The Big 5 refers to the countries who automatically qualify to the final, that is, do not have to compete in the semi-finals. The Big 5 was originally the Big 4, when this change came into place back in 2000. The Big 4 consisted of France, Germany, Spain and the United Kingdom. In late 2010, with Italy’s return to the contest in the following year, the EBU announced that Italy would be joining the Big 4, therefore making them the Big 5.
Why do these 5 countries automatically qualify, I hear you ask? Well, it’s all about money. These countries are the biggest financial contributors to the EBU, and it was disappointing for them to spend money, only to not qualify to the final. The decision to implement this rule did not go without controversy, however. Turkey withdrew from the contest citing the Big 5 rule as one of the factors why they were no longer willing to participate in the contest. Despite this, only Germany has won the contest since the Big 5 was put into place.
Qualification and Semi-Finals
Between the years 1997 and 2001, countries qualified to the contest based on their average points totals of their entries over the previous five years. There was a lot of criticism of this approach, as it excluded countries based on past poor results, without consideration of their current attempt, and how good it may be.
From 2004, a semi-final qualifying round was introduced to try fix this problem. The semi-final was held on the Wednesday during Eurovision Week, and was similar to the Grand Final. The highest placed songs qualified to the final, while the lower ranked songs were eliminated. From 2005 to 2007, the semi-final was held on the Thursday, rather than the Wednesday of Eurovision week. This was a good solution to the problem, as all the countries who wished to participate would be able to, regardless of their previous results.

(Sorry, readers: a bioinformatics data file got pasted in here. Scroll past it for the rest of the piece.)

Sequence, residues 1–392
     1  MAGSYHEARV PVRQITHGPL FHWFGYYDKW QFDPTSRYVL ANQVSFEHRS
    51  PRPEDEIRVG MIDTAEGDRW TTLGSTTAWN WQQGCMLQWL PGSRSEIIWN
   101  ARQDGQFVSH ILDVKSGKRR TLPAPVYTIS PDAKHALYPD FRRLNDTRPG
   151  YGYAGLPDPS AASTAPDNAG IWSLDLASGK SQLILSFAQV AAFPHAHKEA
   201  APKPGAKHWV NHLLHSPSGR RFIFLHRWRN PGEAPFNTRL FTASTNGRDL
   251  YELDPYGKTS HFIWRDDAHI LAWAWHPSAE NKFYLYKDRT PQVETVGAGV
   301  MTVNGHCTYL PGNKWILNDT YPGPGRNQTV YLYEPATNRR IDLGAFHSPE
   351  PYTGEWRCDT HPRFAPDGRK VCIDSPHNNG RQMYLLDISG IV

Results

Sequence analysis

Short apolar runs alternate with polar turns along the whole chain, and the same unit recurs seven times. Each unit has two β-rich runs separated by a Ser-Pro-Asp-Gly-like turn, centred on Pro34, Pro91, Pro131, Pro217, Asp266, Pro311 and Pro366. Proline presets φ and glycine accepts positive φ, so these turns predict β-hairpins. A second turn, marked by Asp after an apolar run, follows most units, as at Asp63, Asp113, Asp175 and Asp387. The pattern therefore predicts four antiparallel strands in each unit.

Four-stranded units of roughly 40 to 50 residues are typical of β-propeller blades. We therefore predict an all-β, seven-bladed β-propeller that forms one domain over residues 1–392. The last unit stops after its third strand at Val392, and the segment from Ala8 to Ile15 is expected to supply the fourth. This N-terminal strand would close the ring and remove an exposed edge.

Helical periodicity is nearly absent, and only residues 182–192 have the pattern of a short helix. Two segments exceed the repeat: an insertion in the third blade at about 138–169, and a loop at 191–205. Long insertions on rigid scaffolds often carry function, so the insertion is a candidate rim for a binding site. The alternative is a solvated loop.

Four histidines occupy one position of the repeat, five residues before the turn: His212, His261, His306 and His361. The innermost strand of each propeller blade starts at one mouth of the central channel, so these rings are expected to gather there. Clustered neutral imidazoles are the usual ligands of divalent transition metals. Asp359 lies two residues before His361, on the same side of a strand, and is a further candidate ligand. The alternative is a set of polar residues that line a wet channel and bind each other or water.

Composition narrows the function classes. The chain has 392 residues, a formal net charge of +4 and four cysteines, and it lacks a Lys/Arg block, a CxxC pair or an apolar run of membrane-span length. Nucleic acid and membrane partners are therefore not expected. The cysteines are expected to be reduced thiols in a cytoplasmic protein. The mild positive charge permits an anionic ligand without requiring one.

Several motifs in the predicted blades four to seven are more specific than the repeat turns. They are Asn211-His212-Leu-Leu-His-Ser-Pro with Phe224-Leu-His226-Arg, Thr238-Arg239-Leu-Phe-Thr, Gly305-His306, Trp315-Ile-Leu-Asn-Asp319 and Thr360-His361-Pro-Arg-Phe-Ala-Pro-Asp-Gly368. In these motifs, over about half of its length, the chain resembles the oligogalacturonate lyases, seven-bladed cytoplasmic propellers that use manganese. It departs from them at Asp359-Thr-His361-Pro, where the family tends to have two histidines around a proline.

The 10 highest placed countries in the Grand Final who weren’t the Big 4 were guaranteed a place in the Grand Final in the following year, meaning they were automatically qualified for the next year. The remaining countries would have to participate in the semi-final once again in the following year, in the hopes of winning a place in the final.
In 2007, the EBU decided that with the growing number of participating nations, there needed to be two semi-finals. From 2008 onwards, a countries’ position in the previous year then became irrelevant, as everyone other than the Big 4 (later becoming the big 5) had to earn their spot in the final. From each semi-final, 10 countries qualify to the final, totalling to 20. With the Big 5 and host nation, that brings the total number in the final to 26.
In each semi-final, the nation’s participating in that specific semi-final are allowed to vote. Also, the Big 5 nations are allocated a semi-final to vote in. In the Grand Final, all participating nations for that year are allowed to vote, even if they did not qualify to the final.